31 Dec 2010

Central Clearing: Solution or Problem?

Pushing more business onto central clearing systems is not the ultimate solution in the search for a more stable financial system. The question remains the same: Would the system be able to deal with a (near instantaneous) change of 20 or 30 pct of asset prices? Only then could one be reasonably sure that a market panic could not topple the financial system. But that would require a substantial increase in margin rates and a corresponding reduction in the amount of leverage available to all market participants.

M+A: Success ratio lower than at Russian Roulette

The statement may seem to be a bit extreme but anyone contemplating a Merger or Acquisition would do well to keep this warning in mind. All too often senior management falls in love with an idea or is egged on by advisers who are paid on completion only and therefore have no real stake in the ultimate success of the transaction.

30 Dec 2010

Compensation gravy train: one train in the UK that you can rely on!

A woman has been awarded half a million pounds in a series of compensation payments after accusing four public sector employers of discrimination, unfair dismissal or sexual harassment (Daily Telegraph, 11 Nov 2010). While a disproportionate amount of claims are settled in the Public sector the financial sector is also vulnerable to the frightening rise in red tape and social engineering created with little regard to the realities of private business.

29 Dec 2010

Patchy hiring to follow frenzy at European banks says Reuters

The real test of management will come when business volumes have declined so much that present staffing levels can no longer be justified. Those companies that have hired wisely and responsibly will have to do much less pruning than those that adhere to a irresponsible 'hire and fire' philosophy of human capital (mis)management.

Tulips anyone?

That comes to mind when reading about the frenzied trading in today's story stocks such as Facebook, Twitter and Linkedin. Which bank will it be that is left holding the bag financing a speculative hot-shot when the whole bubble bursts?

Deutsche Bank: rated most exposed by Japanese Regulator

While Deutsche Bank has performed admirably (at least on a comparative basis) during the financial Crash we kept being concerned about the slender margin of safety that is provided by the equity capital basis. DB may be less exposed to sovereign loans in the Eurozone and corporate loans may also be a lower part of its portfolio than in other institutions but that means that the bank is more exposed to financial assets and counter party credits. And the purchase of supposedly 'safe' businesses such as Deutsche Postbank and Oppenheim are by no means guaranteed to provide the high returns that management continues to aim for. News that Deutsche Bank is the lucky (?) owner of the most recent addition to the Las Vegas hotel scene does little to inspire confidence in the bank's risk management skills. Maybe the bank should pay its bonuses in the form of free hotel vouchers until the full extent of its exposure has been recouped.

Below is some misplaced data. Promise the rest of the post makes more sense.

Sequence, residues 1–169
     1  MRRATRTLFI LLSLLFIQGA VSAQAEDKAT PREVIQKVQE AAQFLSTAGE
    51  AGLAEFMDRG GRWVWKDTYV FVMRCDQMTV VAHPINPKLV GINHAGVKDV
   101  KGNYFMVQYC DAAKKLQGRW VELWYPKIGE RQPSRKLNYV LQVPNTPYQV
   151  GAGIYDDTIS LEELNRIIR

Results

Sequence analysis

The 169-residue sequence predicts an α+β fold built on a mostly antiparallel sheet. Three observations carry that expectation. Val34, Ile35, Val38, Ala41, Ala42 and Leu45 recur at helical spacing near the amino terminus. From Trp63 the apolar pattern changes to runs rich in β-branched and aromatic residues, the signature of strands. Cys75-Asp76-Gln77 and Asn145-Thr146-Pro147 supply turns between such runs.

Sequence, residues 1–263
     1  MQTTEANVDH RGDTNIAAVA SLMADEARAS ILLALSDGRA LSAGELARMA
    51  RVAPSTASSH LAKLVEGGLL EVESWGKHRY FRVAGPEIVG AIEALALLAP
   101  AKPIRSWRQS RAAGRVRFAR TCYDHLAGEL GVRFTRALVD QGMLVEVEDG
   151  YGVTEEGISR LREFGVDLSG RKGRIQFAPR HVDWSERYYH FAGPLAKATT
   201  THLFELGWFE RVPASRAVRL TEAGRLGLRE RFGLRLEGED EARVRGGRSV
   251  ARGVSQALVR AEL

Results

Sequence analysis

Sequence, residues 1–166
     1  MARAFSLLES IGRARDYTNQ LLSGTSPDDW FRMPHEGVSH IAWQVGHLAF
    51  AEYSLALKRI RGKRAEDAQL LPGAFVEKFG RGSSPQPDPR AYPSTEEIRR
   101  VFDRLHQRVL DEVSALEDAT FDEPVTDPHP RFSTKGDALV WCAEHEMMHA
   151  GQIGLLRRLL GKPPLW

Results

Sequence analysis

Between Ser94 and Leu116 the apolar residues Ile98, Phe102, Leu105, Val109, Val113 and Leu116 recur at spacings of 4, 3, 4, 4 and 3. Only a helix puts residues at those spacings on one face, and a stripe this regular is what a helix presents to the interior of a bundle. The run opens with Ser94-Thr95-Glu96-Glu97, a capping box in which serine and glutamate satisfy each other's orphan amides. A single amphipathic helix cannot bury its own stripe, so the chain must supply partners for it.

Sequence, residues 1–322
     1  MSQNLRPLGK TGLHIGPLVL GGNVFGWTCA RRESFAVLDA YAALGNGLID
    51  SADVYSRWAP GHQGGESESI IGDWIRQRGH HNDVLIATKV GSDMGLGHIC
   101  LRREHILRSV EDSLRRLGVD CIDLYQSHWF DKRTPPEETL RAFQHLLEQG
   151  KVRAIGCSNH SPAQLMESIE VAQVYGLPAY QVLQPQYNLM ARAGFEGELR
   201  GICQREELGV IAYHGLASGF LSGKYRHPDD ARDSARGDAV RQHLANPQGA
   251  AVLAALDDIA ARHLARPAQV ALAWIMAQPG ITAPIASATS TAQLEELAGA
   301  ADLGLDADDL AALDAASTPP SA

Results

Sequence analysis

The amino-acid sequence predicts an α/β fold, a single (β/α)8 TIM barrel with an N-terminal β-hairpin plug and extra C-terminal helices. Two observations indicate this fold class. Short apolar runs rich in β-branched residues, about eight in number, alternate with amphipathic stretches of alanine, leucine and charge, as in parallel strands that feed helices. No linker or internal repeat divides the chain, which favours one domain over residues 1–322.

15 Dec 2010

UBS dress code memo

UBS was (and is?) known for fast-tracking officers of the Swiss Army Militia through its management ranks. We are not sure that the 'new UBS' (post SBC 'Merger') adheres to the same management principles. But given the fact that banks worldwide are inundated with more or less sensible regulations it is amazing that someone in the - still vast - bureaucracy of a large bank finds the time to devise such a detailed prescriptive paper. Rulebooks such as this tome certainly would not surprise anyone if it would be given to fresh recruits in an army barrack. I wonder what it does to promote morale at the workplace?

13 Dec 2010

Deutsche Boerse: another Euro 450 mio written off on ISE

In 2007 the German Stock Exchange (Deutsche Boerse) acquired the International Stock Exchange ISE for more than Euro 2 billion. This write-off follows a provision of Euro 420 million in the last quarter of 2009. Acquisitions are minefields for the unwary and should only undertaken after careful analysis and after consulting advisers that give objective advice based on long financial and markets experience.

12 Dec 2010

Secretive Banking Elite rules Trading in Derivatives?

A New York Times report highlights the lack of official supervision of trading in derivatives. In no industry would it be allowed that the dominating participants collude setting market rules without being subject to impartial outside regulation - be it from consumers or government authorities. When the market in OTC derivatives started it was a tiny cottage industry and supervision was unnecessary. Now the amounts involved are so enormous - multiples of the whole planet's GDP - that leaving the task of supervision to a few market insiders is no longer practical. One can only hope that the top officials of the financial firms concerned realize that - in the interest of society as well as their own - a new regulatory framework is urgently required. Putting the majority of the trading onto exchanges will alleviate the risks of a catastrophic market failure but this will in itself not be enough. The central clearing houses in turn will have to be made as secure as possible and only a substantial increase in margin that has to be posted by ALL market participants will ensure a safe market environment.

Goldman Sachs in controversy about CDS trade

We have for a long time called for more effective regulation of the market in credit derivatives. Therefore we are not surprised when details about Goldman's involvement in some controversial trades were disclosed by Carl Levin, chairman of the Senate permanent sub-committee on investigations.

11 Dec 2010

Deutsche Bank set to leave Postbank alone after merger

We were never sure if the frugal customers of Deutsche Postbank really will make a large impact on Deutsche Bank's profitability. The headline makes us wonder even more. What is the point of buying the bank when it will be managed with such a light touch?